The national spirit
[The Proclamation of Korean Independence. March 3, 1919— 33嬣 / [Public domain] Wikimedia]
Unlike many of its Southeast Asian neighbors, Korea escaped Western control; although exploited, it was never colonized. Perhaps that is why this Asian nation was uniquely open to Western faith when political upheaval struck. Not long after Protestants arrived in Korea, Japan invaded and annexed it. Many Christians influenced the resulting Korean movement for independence, including Horace G. Underwood (1859–1916), the first ordained Protestant missionary to Korea, and Sun Chu Kil (1869–1935), one of the first ordained Korean ministers.
Underwood was known for evangelistic zeal; as a seminarian his nickname was “roaring Methodist,” and in Korea he was called “a Methodist preacher in the Presbyterian mission.” Staid medical missionary Horace Allen (1858–1932) accused him of “bawling hymns in a Ch’emulpo hotel” and “instructing natives and teaching them his songs.” Underwood compiled the first Korean hymnbook, chaired a Bible translation committee, helped found the Korean Religious Tract Society and the Seoul YMCA, and served as a professor in the Presbyterian Theological Seminary (PTS) for years.
Officially Protestant missionaries remained politically neutral. Nevertheless Underwood’s founding of the Ch’ongdong Church in Seoul in 1887 involved Korean Christians in an electoral process of church government. He had the mission adopt a “self-support” policy: leadership roles were to be taken by Korean nationals, and each Christian was to “live [for] Christ in his own neighborhood, supporting himself by his trade.” He also helped found what is now Yonsei University, a cooperative venture between Presbyterians and Methodists, which taught Korean language and history; the number of Korean professors increased year by year, and Yonsei nursed the birth of the national spirit.
Father of the Korean church
By contrast Kil was raised a Taoist and a Confucian. In 1897 literature from Christian missionaries touched him, and he “wet his table with his tears, thinking of his evil ways.” Then he heard a flute and a voice calling Kil Sun Chu! Surprised, he prayed, “My beloved God, forgive my great sins and save me.”
In 1903 Kil entered PTS; one of its first graduates, he pastored the Central Presbyterian Church of Pyeng Yang and founded “day-break” prayer meetings, which became a prominent feature of the Korean church. People called him “the father of the Korean church” and one of its “brightest ornaments and greatest men.” Kil was also a patriot. Until the Japanese forbade it, he taught Unmun (the native script) in night schools at his church; he also used Korean music in worship, played by a prominent traditional musician. This resulted in a hymnal revision containing five hymns sung to native Korean melodies.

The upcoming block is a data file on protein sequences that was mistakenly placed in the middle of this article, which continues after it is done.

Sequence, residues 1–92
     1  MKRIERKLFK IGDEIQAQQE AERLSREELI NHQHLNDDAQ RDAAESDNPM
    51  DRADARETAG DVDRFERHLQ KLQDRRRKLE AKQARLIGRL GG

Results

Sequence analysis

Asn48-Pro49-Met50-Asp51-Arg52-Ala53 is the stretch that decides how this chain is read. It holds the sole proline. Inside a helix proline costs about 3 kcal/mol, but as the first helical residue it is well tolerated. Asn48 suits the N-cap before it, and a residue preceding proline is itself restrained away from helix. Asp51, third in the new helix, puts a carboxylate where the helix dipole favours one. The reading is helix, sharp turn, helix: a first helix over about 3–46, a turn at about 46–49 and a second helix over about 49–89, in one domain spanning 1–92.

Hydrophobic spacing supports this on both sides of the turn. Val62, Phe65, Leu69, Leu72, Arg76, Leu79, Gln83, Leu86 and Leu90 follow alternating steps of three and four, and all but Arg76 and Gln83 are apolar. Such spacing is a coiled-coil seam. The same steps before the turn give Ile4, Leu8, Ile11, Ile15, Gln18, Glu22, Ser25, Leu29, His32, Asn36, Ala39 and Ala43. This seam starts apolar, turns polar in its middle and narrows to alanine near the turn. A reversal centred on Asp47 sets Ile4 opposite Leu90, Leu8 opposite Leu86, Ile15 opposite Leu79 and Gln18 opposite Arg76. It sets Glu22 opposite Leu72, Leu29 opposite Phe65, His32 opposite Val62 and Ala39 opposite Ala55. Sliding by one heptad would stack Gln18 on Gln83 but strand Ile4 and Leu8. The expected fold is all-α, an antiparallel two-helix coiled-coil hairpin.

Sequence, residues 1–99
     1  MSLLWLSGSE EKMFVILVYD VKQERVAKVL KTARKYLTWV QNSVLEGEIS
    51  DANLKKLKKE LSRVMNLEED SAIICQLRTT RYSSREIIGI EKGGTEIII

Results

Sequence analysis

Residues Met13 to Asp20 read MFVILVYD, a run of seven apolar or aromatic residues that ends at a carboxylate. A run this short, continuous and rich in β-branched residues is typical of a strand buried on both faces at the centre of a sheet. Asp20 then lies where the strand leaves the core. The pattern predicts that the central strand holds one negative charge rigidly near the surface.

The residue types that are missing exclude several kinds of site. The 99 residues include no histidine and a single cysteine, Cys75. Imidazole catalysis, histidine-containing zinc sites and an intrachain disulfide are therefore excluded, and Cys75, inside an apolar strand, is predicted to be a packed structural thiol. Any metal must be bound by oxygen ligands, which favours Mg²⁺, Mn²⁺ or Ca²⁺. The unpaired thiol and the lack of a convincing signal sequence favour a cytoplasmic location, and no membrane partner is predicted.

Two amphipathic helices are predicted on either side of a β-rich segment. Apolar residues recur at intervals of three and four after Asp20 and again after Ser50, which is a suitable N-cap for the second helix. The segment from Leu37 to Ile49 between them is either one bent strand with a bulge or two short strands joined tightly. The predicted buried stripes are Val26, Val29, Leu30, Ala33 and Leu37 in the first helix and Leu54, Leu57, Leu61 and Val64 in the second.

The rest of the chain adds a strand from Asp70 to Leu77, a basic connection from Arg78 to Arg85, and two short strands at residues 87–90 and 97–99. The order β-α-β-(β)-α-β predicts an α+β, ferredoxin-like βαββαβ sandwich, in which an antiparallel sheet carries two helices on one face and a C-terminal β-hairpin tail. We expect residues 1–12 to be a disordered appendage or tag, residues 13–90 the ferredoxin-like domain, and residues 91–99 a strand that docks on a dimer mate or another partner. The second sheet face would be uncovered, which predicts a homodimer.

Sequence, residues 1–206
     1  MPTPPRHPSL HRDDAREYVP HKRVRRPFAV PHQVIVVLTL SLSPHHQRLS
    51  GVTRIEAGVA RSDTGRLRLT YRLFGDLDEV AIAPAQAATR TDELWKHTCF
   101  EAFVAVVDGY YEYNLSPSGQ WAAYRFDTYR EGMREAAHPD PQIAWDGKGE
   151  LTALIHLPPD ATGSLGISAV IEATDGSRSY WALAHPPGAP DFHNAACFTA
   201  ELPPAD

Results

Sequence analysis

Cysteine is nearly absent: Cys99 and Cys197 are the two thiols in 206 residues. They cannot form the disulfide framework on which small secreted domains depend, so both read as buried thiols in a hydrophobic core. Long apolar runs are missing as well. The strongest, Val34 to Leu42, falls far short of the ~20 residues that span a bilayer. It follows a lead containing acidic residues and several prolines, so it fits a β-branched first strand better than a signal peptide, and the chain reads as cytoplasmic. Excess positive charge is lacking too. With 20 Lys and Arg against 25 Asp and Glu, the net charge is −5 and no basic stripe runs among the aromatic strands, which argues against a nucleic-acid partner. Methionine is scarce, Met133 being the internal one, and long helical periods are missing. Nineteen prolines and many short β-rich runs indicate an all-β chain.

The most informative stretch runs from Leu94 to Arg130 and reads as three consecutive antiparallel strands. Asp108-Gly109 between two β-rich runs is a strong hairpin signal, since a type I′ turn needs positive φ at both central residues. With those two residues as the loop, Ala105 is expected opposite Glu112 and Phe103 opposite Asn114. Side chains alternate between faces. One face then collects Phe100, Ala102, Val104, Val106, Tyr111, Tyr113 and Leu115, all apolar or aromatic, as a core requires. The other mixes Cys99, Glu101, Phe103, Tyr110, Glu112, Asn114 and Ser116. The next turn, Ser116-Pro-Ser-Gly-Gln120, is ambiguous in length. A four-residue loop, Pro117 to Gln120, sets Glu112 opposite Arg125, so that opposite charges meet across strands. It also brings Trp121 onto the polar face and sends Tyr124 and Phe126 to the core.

After the Russo-Japanese War ended in 1905, the Japanese took over most Korean government. In 1907 they forced the king to abdicate and disbanded his army. That year national revival began, fostered by Kil’s preaching and teaching. Many disillusioned independence fighters joined the church and found there a mobilizing power that would ultimately infuse the 1919 March First Independence Movement.
Kil actively worked for independence—distributing flags, preaching Christianity as a Korean religion, and counseling nonviolence—and was one of 33 signers of the 1919 Declaration of Independence. As a consequence the Japanese imprisoned him. The March First Movement was crushed; a Korean Provisional Government in exile was formed by Methodist Syngman Rhee (1875–1965). Korea’s independence would not come until 1945, with Rhee its first president in 1948. By then Christianity was so tied to independence that many Koreans did not see it as imposed by a foreign colonial power.
By In Soo Kim
[Christian History originally published this article in Christian History Issue #141 in 2021]In Soo Kim, professor of historical theology at the Presbyterian Theological Seminary in America and author of Protestants and the Formation of Modern Korean Nationalism, 1885–1920, from which this is excerpted with permission
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